Sharing his story for justice
remembers the life of a passionate activist against the death penalty.
WE LOST a freedom fighter, a poet, a friend and a beautiful soul a few days ago in Chicago. Delbert Tibbs passed away in his home on November 23.
Delbert was known to people around the world as a witness to the barbarism of the death penalty system in the U.S. and an activist against it. Delbert spent three years on Florida's death row until he was found innocent and exonerated.
Delbert was born in Mississippi to tenant farmer parents--when he was 12, he and his mother moved to Chicago. While traveling the country in 1974, Delbert was stopped and questioned by police in Florida about the rape of a teenaged woman and the murder of her companion, both of them white.
The description of the suspect from the surviving victim was nearly the opposite of Delbert. The suspect was described as 5-foot-6-inches, with a dark complexion. Delbert had a light complexion and was over 6 feet tall. Delbert had a solid alibi, but that didn't stop prosecutors from putting him on trial, aided by the testimony of a jailhouse snitch who later said he fabricated his claim that Delbert had confessed to him in the hopes of lenient treatment on a rape charge. An all-white jury convicted Delbert after two days of deliberations.
There was a public campaign for Delbert's freedom--folksinger Pete Seeger wrote a song about his case. The Florida Supreme Court eventually reversed his conviction and Delbert was released in 1977. Five years later, the charges against him were officially dropped.
Delbert went on to speak across the country and around the world, often on national and international tours for the anti-death penalty group Witness to Innocence. But Delbert is especially well known and loved by the abolitionist community in Chicago, where he was always ready to share his story and speak out for justice at rallies, protests, public forums and church meetings.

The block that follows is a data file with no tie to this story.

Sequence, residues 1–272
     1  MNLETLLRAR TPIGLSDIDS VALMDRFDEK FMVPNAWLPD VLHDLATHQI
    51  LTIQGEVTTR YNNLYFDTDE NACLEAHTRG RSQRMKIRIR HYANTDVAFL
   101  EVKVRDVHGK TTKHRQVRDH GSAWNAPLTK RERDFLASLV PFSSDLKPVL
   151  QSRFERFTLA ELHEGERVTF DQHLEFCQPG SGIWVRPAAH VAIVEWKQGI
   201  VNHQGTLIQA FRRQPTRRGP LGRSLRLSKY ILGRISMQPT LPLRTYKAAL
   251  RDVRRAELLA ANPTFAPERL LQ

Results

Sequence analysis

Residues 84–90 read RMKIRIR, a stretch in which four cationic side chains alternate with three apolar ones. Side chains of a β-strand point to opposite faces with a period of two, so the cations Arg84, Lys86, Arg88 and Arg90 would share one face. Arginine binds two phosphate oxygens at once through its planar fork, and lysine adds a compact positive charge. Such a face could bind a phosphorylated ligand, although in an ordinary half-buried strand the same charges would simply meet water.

Delbert's fellow Chicago and fellow death row exoneree Darby Tillis remembered his friend this way:
He was just a wonderful man and a gentle giant. He touched a lot of people all across the world. He's been out there speaking for more than 30 years--constantly on the go. He had just returned from a tour. He never said anything to offend anyone. He was humble.
BECAUSE OF what happened to him, and what he saw happening to so many other Black men caught up in the injustice system, Delbert always pointed to the issue of racism in U.S. society. The Final Call quoted him telling a gathering of several dozen people: "If you're Black and grew up in America, you know nothing else has been applied fairly. So why would the death penalty be applied fairly?"
Whenever you would see Delbert, he was ready with warm words and a strong hug. When he told his story in his deep and steady and persuasive voice, he moved people to become more committed opponents of capital punishment. If you want to see Delbert at his persuasive best, watch this segment from the series of short films about innocence and the death penalty called One for Ten.
The creators of the play The Exonerated also featured Delbert, along with five other former death row prisoners, talking about the death penalty and justice in their own words. One of Delbert's speeches goes to the heart of the tough-on-crime hysteria:
I understand why people are afraid. I mean, I do think the world itself can be quite frightening by getting up everyday. I understand, but you can't give in to that. It's like they say in those cowboy pictures: nobody's going to live forever, so if you got to go, then you might as well go being about the highest thing that you can be. And that means learning not to fear other people.
Delbert always had faith in people and thought that when they were mobilized, they could do great things. He felt uplifted when people took his words to heart--one person told him that after hearing him speak, he was inspired to go into public interest law. Delbert said, "It really makes me believe the Great Spirit laid this trip on me so that I could bear witness of this terrible thing we call the death penalty in the U.S."
Delbert's kind soul and powerful words will live on in his poetry and in all of the hearts he touched. Rest in peace, Delbert.